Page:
Footie is popular with eight-year-old girls in the United States, and adolescent males all over the Third World.  Perhaps U.S. policy contributes to its omnipresence.  In Brazil, by contrast, the resources tend to go to the adolescent males.
“This is a macho country,” [former captain Aline] Pellegrino says. “And soccer is seen as a male sport. Whoever plays soccer is a strong man, that is the image, so having a woman play soccer does not match that. They want women in the kitchen, all beautiful and sexy. Not in a soccer jersey kicking a ball around.” Brazil’s affinity for soccer is unmatched anywhere in the world.

While the rules of the modern game were drawn up in England, Brazil can claim to be its spiritual home, a place where the game and life intertwine effortlessly.

The 2014 World Cup, despite Brazil’s crushing 7-1 defeat to Germany in the semifinal, gave the world a glimpse of how the vibrant national personality draws inspiration from the planet’s most popular sport.

Women, however, have been lost somewhere on the periphery of that idyllic scene.

Even with the women’s game enjoying more global popularity than ever, Brazil has not caught up. The Brazilian women’s team is one of the favorites for gold in Rio, but the treatment of girls who want to play at the grass-roots level is disturbing, to say the least.
Old-style sex roles apparently hamper the development of youth footie for the girls.  Perhaps, too, there aren't enough minivans yet.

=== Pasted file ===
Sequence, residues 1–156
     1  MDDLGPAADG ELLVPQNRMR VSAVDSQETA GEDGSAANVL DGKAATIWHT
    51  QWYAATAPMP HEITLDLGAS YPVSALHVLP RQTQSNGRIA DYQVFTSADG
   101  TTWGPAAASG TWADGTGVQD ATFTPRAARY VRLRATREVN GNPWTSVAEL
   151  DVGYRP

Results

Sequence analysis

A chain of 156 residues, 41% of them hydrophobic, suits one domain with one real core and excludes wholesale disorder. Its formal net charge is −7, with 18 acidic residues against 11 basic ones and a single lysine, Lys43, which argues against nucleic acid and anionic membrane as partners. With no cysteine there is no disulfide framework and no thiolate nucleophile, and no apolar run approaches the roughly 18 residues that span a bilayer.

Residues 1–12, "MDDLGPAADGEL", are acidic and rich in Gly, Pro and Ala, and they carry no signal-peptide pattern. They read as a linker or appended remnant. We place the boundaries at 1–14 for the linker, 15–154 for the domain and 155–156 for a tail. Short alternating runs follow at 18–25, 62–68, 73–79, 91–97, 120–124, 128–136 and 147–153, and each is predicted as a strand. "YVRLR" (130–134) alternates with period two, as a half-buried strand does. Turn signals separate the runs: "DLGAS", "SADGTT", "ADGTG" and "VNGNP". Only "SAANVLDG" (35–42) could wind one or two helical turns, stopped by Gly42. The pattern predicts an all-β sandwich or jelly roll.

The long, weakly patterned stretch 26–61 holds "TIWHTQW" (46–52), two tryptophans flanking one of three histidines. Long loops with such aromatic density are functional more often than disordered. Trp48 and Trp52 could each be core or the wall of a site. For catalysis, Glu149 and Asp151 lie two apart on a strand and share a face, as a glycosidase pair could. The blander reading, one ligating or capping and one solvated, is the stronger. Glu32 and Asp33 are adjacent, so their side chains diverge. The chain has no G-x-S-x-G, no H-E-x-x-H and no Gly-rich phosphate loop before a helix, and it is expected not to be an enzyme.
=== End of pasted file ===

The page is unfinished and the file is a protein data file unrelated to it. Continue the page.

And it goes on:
For all of the attention Brazil and the States pay to footie, and to beach volleyball, the winners in the Olympic women's footie tournament and on the beach were ... the Germans.  Deutsche Frauen, Deutsche Treue, Deutscher Wein und Deutscher Sang.

In the men's tournament, it was Brazil beating Germany.  By penalty kicks.

Doesn't that say something is wrong with an activity more suitable for kids running around a field with rudimentary equipment than as a worldwide sport?  You run around for ninety minutes, plus some unspecified extra time incurred because there are stoppages of play and out of bounds set plays and somebody who never went to clown college doing a bad parody of a pratfall, and after that, there is no score (nil-nil, for the purists) or it's tied (sometimes in the extra time) and then you go to a bad parody of overtime in college football?

And people say watching yacht racing is boring?

Why not try something else?  Emulate hockey's regular-season rules, in which each side plays with fewer skaters (yes, this too, goes to penalty shots, but the point of fewer skaters is to provide more room to shoot).  Because it's for a title, allow rotations in order that the side on the field at the start will each get a blow should the running around go on for ninety minutes or longer (as Chicago Black Hawk fans have experienced in the past few seasons).  Perhaps to expedite matters, go to the reduced sides at the beginning of extra time, but play it out as it's currently done; then it's sudden victory.

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